There isn't any really cool story here except when I flew to Seattle I forgot my debit and credit cards, and only had $40 on hand after I arrived in the city. Oops. I was rescued by friends though, and thanks anyone who talked to me while I was in the airport bored and alone. Edwin saved my life the first night, we had nachos, beers, and visited chopsticks - a sweet ass bar with "dualing" pianos" (Picture 1). That was probably the coolest thing. I got a little bit drunk and ate too many spicy things. The next day, I visited U of Puget Sound. There was no interview - I appliced and got a letter a 2 months later letting me know I had been accepted to their school. The purpose of this visit was for me to assess my own interest in attending. BEAUTIFUL campus (Picture 2), except the PT school. Everyone was very friendly, and it was a comfortable setting, but something - I can't put my finger on it exactly - told me this wasn't the place for me. I have to go with my gut on this one.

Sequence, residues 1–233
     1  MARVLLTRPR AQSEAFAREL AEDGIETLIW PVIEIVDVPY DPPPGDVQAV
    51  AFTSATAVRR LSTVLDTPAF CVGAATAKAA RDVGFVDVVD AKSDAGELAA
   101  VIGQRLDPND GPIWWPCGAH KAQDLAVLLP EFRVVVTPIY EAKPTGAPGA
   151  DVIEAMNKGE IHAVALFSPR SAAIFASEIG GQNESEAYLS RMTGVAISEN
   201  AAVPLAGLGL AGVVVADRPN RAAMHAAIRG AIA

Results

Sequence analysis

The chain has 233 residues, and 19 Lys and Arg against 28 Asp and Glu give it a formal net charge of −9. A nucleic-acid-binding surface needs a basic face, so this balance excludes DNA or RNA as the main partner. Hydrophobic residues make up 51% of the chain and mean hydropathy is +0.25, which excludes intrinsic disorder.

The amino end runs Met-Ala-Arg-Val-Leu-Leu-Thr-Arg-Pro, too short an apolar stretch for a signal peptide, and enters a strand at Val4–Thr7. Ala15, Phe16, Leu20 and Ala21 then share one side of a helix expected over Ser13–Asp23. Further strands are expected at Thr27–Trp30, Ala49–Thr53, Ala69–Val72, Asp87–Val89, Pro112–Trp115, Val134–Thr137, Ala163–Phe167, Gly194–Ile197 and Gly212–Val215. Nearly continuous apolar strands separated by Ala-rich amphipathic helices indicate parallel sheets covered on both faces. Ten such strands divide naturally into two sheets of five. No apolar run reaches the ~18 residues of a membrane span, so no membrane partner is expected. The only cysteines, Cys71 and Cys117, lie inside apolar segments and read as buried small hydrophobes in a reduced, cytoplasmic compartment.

I spent the rest of the afternoon wandering around a few blocks away from UPS in search of US Bank. I found one, acquired money to fund the next 3 days, and took my life in my own hands riding Tacoma's public transportation system: Sound Transit. Bullshit. The whole thing. I was on busses for 4 hours trying to get 25 miles. The busses run stupid routs and stupid times and stop running early, and I didn't really know where I was or where I was going. I got back to Edwin's place, but hated the stench of Tacoma too much. I spent the rest of the weekend with Craig rooting for the Sounders, Michigan, and Arrested Development. Good times.
I found this guy while I was wandering around looking for a US Bank. I liked his hat, and asked if he would be my friend. We shook hands and the rest is history.
Columbia University - Rejected
University of Washington - Waitlisted
University of Montana - Waitlisted
The Mayo Clinic - Waitlisted
Regis University - Accepted
University of Puget Sound - Accepted